Rhetorical analysis is a form of criticism (or close reading) that employs the principles of rhetoric to examine the interactions between a text, an author, and an audience. Also called rhetorical criticism or pragmatic criticism.
Rhetorical analysis may be applied to virtually any text or image–a speech, an essay, an advertisement, a poem, a photograph, a web page, even a bumper sticker.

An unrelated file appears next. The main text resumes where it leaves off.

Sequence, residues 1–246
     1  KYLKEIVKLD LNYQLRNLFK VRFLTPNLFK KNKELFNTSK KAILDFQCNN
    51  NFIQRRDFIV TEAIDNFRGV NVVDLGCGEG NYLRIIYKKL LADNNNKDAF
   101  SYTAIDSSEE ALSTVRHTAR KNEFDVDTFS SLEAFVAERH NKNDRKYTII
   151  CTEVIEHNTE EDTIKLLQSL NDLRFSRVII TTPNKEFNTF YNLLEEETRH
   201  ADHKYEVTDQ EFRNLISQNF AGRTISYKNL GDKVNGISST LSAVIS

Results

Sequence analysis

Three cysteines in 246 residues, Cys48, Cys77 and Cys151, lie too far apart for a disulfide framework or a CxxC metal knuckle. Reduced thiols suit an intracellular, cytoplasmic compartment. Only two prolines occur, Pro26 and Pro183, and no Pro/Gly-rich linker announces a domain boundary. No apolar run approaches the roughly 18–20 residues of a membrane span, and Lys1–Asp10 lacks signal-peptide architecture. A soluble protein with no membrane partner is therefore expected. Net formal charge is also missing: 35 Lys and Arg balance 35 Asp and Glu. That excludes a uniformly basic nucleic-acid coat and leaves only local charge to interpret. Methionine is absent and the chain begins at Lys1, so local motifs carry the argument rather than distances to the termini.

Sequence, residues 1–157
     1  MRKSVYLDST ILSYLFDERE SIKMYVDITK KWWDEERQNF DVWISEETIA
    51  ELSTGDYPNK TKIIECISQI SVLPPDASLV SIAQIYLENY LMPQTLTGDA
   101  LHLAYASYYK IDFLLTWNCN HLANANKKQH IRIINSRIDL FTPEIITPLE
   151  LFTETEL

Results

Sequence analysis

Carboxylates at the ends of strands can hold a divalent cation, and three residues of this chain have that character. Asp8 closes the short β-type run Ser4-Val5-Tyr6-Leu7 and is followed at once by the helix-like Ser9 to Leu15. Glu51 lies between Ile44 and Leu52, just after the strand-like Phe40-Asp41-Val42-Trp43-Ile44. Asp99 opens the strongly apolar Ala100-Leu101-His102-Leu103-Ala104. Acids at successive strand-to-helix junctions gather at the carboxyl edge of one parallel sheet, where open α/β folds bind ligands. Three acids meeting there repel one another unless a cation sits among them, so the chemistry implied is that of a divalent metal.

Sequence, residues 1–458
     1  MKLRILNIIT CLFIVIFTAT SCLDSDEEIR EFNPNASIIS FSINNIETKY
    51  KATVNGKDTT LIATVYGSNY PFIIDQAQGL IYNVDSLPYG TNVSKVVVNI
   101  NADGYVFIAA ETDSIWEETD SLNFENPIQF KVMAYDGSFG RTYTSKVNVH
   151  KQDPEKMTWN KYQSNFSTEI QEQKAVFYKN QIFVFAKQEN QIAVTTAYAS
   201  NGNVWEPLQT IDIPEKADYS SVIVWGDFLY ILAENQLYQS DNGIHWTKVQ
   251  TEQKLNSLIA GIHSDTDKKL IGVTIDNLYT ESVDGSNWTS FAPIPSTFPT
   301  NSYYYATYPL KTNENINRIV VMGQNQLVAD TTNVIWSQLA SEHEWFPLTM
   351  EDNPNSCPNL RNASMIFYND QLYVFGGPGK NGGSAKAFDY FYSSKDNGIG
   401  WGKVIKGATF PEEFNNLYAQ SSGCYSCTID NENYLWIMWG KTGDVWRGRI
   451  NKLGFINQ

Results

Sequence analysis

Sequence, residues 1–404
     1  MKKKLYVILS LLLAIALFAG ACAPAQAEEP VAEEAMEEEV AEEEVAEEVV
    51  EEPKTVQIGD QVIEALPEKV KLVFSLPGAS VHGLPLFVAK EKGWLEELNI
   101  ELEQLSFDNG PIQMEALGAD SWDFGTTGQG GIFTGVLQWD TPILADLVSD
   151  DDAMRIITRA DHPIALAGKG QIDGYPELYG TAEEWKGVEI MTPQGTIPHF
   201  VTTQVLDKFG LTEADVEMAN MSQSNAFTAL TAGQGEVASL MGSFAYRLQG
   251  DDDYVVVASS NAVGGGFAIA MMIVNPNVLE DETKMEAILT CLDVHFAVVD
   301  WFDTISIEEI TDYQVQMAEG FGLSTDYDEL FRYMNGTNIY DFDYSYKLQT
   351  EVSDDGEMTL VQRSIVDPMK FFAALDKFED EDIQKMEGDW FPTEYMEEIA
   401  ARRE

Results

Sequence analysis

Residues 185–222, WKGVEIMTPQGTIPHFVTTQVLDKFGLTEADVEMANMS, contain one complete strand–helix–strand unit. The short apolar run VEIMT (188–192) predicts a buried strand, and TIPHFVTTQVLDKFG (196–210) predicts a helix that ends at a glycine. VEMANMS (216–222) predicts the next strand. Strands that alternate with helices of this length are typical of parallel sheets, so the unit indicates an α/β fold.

When applied to a literary work, rhetorical analysis regards the work not as an aesthetic object but as an artistically structured instrument for communication that focuses on the audience, the writer and the purpose of the literature. As Edward P.J. Corbett has observed, rhetorical analysis “is more interested in a literary work for what it does than for what it is.”